“Colour Is Only Beautiful When It Means Something” Robert Henri 1865-1929
By: Crick Smith
04 Oct 2017 - 12:18:01
We often identify ourselves with certain colours, and the same applies to buildings and regions of a country. Start talking about paint colours with Ian and Michael and they will respond with tales of past projects where the result of their detailed research was not always what the client expected. Michael recalls clients commenting “you can’t possibly be correct” or “that’s not what we wanted you to find”. Ian adds laughing “they are of course the rare examples. Our clients always find that our results transform their understanding of their project and what they may have seen as a difficulty is soon the unique identity of their site. Of course, controversy is just another term for discussion” Ian smiles.
I am of course referring to “Crick-Smith”, Ian and Michael, architectural paint researchers and conservators of historic decoration of long-standing. Known widely within the heritage sector in the UK and overseas, they have contributed to the research, understanding and re-presentation of over 500 historic buildings, sites, vessels, vehicles, bridges... you name it, if it’s old and painted they have probably researched it! Their investigations of heritage icons such as HMS Victory, St Pancras Midland Grand Hotel and Kenwood House in Hampstead, have often made the headlines
Working together since early 1993, their careers in conservation and heritage stretch back to early 1980s. Michael has a background in Romano-British archaeology, having participated in digs through Keele University in the west of England. Ian’s training began as an apprentice sculpture and stone conservator within a small private company in partnership with the Orton Trust in Northamptonshire. The two met in 1992 as mature students on the conservation and restoration degree course in Lincoln.
Michael explains “we soon realised that we shared the same passions for historic buildings and structures. The heritage we can actually inhabit rather than just hold. How our ancestors saw it and how through detailed research we can bring that alive for people today”.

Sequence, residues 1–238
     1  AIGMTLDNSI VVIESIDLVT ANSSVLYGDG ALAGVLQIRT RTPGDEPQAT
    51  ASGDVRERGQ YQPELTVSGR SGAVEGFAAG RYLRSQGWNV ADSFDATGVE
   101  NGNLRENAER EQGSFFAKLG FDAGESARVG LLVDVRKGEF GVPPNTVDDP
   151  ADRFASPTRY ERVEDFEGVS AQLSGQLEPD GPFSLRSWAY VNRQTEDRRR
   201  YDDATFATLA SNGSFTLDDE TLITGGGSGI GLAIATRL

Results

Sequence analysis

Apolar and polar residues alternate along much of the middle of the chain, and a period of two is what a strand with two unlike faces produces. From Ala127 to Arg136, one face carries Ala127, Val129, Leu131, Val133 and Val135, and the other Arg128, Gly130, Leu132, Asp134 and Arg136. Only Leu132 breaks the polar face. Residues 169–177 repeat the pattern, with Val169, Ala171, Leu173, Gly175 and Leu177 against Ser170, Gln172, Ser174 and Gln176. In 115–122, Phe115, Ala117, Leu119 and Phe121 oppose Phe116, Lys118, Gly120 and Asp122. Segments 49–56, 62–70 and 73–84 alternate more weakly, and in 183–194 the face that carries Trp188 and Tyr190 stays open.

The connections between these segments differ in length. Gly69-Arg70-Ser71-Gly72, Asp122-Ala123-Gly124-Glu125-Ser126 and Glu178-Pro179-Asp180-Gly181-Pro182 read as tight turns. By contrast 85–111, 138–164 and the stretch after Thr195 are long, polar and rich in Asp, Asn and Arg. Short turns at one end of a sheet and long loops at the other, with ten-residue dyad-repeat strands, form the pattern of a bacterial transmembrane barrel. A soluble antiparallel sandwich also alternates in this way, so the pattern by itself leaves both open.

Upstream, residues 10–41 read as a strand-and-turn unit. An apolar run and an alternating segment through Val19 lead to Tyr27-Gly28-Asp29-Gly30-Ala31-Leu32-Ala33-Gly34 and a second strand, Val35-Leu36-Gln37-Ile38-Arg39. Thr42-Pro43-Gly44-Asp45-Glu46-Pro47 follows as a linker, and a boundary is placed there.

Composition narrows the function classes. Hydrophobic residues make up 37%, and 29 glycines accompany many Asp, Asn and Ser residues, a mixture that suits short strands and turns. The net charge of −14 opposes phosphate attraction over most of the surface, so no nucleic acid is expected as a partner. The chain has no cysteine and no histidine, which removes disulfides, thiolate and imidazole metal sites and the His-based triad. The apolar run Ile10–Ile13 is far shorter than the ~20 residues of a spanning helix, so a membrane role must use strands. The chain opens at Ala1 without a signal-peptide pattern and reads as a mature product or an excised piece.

Their first opportunity to explore this began at Wollaton Hall, Nottingham; A fine Elizabethan country house, built for the Willoughby family by the mason Robert Smythson. By the end of the day investigating, taking samples, revealing areas, the pair were hooked!
In 1994 this led on to a placement researching the historic paint schemes at Sewerby Hall, East Yorkshire as part of their final year as students. Unknown to them, Mike Corfield, Chief Scientist and Head of Conservation at English Heritage, was their external assessor. As part of his role, Mike managed the Architectural Paint Research Unit at English Heritage. His assessment of their work was to set the course for the rest of their careers. “Little did we know what was being planned” says Ian, “our careers were pretty much being set out before us. It just proves that following your passion can define your path”.
Dr Jonathan Foyle describes Crick-Smith as “great fun to work with, both personable and approachable in their approach to conservation. Understanding historic sites is more than a mere vocation for them; they’re clearly compelled to seek out evidence for the places our ancestors once knew, and they don’t stop looking!”
Immediately after graduation English Heritage offered the pair a six-month internship each, where they honed their research skills, historical knowledge and client liaison. By the end of that period “Crick Smith” as they came to be known were approached by other clients such as National Trust, local authorities, churches and private owners, and then by Jonathan Foyle Curator of Historic Buildings Hampton Court and Kew. It was at Kew that Michael’s archaeological and methodological mind came to the fore, researching the whole site internally and externally. Cross-referencing and comparing the evidence of each to tell the complete decorative history of the building. But not only that, his archaeological approach revealed the development of the site, its alterations, extensions, uses and status.